E Risk Of Dovish Change In ECB Guidance

When the Governing Council of the ECB meets this week, it will be facing a less favorable growth outlook, no signs of core inflation trending higher and nervous financial markets. The truce between the US and China will buy time but does not fundamentally ease trade concerns, while in Italy the situation remains fragile with sovereign spreads still very wide and the economy flirting with recession. Recently, the only unambiguously good news has been the sharp drop in oil prices, mainly supply-driven, which will contribute to supporting eurozone economic activity in the coming months at a time of intensifying downside risks.

This assessment is likely to be reflected in a more cautious tone by ECB President Mario Draghi and in the ECB’s updated macroeconomic forecasts, which will probably show a downward revision to GDP growth for 2019 and 2020 from 1.8% and 1.7%, respectively, to somewhere in the 1.5-1.7% range. The latest data have confirmed that the ECB’s projections for core inflation remain too optimistic; the possibility of a further slight downward revision there, together with lower oil prices at the cut-off date, pose downside risks to the inflation forecast for the next two years, which currently stands at 1.7%. Numbers for 2021 will be published for the first time and they will probably show GDP growth settling at about 1.5% (broadly in line with the estimated potential growth rate of the economy) and inflation at 1.7-1.8%. It should be considered that some of the recent slide in oil prices occurred after the cut-off date used to determine the exogenous inputs to the ECB’s models. Therefore, the new forecast numbers will not fully reflect the scale of the correction in oil prices.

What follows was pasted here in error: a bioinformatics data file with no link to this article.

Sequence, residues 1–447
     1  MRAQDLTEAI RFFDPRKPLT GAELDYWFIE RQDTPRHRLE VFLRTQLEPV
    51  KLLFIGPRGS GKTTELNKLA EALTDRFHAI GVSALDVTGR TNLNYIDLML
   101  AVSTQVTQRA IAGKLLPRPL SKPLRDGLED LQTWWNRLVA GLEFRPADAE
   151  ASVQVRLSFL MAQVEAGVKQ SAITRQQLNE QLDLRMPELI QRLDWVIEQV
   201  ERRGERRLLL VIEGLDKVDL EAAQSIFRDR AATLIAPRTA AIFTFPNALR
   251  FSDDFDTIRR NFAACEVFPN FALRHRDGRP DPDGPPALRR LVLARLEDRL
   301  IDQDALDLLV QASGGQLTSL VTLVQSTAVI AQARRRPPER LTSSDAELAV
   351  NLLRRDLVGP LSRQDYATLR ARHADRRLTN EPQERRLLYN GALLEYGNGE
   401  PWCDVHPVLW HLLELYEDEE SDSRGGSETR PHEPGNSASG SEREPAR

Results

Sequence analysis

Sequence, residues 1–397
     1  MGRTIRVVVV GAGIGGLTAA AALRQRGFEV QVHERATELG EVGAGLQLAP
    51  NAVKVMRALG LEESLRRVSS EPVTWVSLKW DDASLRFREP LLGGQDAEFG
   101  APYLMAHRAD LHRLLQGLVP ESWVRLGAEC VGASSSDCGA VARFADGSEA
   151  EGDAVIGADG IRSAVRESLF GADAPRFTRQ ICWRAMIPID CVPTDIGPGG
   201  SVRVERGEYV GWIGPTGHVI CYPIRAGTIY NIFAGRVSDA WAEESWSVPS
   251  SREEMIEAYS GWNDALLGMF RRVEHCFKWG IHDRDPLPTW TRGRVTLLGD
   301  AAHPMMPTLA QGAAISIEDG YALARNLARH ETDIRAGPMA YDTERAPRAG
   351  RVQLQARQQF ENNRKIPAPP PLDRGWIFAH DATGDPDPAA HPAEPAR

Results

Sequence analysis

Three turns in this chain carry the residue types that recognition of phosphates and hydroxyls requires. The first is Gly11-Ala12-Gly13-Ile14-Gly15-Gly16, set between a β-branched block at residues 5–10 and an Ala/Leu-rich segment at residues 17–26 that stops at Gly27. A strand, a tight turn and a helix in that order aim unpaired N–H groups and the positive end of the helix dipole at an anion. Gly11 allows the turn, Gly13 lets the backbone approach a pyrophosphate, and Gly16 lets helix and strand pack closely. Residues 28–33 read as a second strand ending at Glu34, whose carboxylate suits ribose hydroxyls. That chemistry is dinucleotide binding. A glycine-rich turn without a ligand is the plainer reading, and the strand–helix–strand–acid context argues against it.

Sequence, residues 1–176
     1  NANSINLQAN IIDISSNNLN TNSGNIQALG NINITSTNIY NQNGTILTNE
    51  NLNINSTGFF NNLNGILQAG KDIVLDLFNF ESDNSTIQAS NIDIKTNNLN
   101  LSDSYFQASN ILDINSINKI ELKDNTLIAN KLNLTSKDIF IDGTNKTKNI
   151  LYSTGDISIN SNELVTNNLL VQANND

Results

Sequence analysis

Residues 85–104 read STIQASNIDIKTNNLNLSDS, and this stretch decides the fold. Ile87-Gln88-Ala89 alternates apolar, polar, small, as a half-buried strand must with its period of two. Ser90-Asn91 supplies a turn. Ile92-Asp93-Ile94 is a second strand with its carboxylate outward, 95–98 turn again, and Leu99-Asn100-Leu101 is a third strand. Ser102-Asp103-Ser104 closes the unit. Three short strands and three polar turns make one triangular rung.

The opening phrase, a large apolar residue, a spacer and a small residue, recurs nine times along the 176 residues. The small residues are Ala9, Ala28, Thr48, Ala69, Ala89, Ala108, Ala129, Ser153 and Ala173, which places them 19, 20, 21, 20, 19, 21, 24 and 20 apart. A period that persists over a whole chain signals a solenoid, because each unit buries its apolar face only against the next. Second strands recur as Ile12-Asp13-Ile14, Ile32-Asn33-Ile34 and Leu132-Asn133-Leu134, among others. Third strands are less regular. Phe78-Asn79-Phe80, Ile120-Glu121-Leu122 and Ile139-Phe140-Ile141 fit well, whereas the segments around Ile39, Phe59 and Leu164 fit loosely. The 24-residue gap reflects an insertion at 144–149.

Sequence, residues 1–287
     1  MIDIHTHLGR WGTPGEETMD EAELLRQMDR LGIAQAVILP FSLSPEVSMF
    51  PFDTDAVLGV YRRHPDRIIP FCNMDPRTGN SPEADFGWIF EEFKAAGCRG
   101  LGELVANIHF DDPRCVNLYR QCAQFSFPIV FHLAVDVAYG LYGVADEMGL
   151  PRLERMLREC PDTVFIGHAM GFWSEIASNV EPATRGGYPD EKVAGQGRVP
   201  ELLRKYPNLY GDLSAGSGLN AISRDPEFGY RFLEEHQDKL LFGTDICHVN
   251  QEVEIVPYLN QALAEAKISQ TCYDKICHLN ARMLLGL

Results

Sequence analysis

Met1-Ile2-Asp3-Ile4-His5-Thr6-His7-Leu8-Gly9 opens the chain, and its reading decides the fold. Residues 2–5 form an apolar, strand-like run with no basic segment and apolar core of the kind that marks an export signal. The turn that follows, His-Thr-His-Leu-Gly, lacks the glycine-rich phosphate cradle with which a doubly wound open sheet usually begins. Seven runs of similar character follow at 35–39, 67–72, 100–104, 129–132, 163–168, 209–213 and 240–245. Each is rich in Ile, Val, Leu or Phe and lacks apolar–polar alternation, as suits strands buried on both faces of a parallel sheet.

Despite the assessment turning less favorable, the Governing Council is very likely to call an end to its net asset purchases, reflecting the progress made so far in boosting economic growth, closing most of the output gap and stimulating wage formation. With the risk of outright deflation sharply reduced since the inception of QE and with technical constraints increasingly biting, an emergency tool such as net asset purchases is rightly regarded as having run its course.

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